• Marriage workshop – Our Sages teach us the second Temple was destroyed as a result of sinas chinam, baseless hatred. What if we were to actively work on combating sinas chinam, not with lofty ideas or by passively listening to magidei shiur but in a practical and down to earth manner? Marital discord is often the most painful source of conflict in our lives. Several years ago at our synagogue, a marriage therapist ran a practicum for couples on Tisha B’Av afternoon. Topics covered included avoiding hot buttons that lead to conflict, learning to disagree with respect, and developing trust in one another. The key is to engage the couples in honest dialogue and to emerge with new skills as well as a joint commitment to improve shalom bayis.
  • Anti-Bullying – At its core, the story of Kamtza and Bar Kamtza is a tale of bullying. Ask any day school principal and they will tell you that bullying is a regular phenomenon in their classrooms and beyond. And while the schools do a commendable job at addressing the issues, Jewish community tends to ignore bullying, preferring to deal with it reactively as opposed to proactively. This year we are partnering with experts at a local organization to address issues such as what to do if one’s child is a victim of bullying or is bullying others, as well as “cyberbullying” and bullying between adults. Our program is geared toward adults but could be adapted for children.
  • Plans for the Future – If there is a day in the calendar in which we are forced to contemplate our mortality, it is Tisha B’Av. Too often we push off the subject of end-of-life decisions because we believe that we will live forever, or because we are uncomfortable with the subject. But it’s better to be a little squeamish now and prepared than to go into the inevitable stage of life (after 120 years) and be woefully unprepared. Synagogue workshops might include planning for Jewish burial, having a halachic health care proxy, and speaking with loved ones about long-term care making a will. These critical conversations will avoid the enormous heartache and infighting that so often is the product of those who fail to plan ahead.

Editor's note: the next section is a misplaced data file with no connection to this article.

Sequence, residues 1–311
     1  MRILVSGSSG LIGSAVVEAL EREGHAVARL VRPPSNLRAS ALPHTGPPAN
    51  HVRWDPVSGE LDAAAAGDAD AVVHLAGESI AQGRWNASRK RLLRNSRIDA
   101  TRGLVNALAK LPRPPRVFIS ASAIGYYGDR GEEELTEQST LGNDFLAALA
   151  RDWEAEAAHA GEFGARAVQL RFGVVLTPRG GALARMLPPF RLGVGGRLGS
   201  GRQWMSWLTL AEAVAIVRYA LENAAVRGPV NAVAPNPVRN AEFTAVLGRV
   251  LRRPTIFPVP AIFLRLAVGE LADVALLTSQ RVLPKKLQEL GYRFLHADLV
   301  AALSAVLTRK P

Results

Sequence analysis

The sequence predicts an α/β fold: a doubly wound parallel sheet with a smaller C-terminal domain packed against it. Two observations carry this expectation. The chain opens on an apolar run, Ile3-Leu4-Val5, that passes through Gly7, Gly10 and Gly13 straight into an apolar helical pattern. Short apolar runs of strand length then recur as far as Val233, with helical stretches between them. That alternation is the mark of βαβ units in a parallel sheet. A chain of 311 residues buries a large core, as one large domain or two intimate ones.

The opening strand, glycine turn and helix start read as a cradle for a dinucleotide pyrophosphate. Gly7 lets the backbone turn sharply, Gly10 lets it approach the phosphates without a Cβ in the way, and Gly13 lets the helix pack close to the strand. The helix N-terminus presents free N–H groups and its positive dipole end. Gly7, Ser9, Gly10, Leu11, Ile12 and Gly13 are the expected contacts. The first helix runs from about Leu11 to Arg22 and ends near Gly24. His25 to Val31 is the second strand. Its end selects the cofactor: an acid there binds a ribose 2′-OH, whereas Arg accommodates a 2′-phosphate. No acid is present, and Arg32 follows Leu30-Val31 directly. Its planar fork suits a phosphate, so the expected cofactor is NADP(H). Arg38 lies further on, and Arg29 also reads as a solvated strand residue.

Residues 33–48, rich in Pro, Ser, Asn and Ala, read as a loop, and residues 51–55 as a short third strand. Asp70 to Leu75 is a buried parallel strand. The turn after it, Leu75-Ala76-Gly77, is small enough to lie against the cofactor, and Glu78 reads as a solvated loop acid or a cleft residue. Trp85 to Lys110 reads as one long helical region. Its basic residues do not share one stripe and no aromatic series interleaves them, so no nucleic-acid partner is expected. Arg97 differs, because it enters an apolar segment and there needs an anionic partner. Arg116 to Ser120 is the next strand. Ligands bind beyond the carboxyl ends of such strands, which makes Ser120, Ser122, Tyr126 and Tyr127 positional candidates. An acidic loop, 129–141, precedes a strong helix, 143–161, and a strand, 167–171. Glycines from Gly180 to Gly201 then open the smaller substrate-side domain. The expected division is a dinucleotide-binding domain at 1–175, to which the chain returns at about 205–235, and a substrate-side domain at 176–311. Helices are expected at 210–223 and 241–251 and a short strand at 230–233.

• Aliyah – Additionally, on Tisha B’Av we reflect upon the tragedy of galus, the harsh condition that has caused our people to be spread across the four corners of the globe. Without impugning the motivations and rationales of those of us who still live in the Diaspora, why don’t we use the day to take practical steps toward aliyah? Even if you aren’t ready to make the move just yet, consider opening a file with Nefesh b’Nefesh, talk with family and friends who have successfully made aliyah.

The bottom line is that we can do better than movies and passive listening on Tisha B’Av. We can engage ourselves, our families, and communities in meaningful and life changing activities. More than answering the question “But what are we going to do?” we can take practical steps to address the themes of the day, turning strife and hopelessness into harmony and vision.

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Rabbi Shaanan Gelman has served as the rabbi of Kehilat Chovevei Tzion in Skokie, Il., for the past 15 years, is the president of The Chicago Rabbinical Council, and serves on the executive committee of the RCA. He is a musmach of RIETS and holds a BA in Computer Science from Yeshiva University.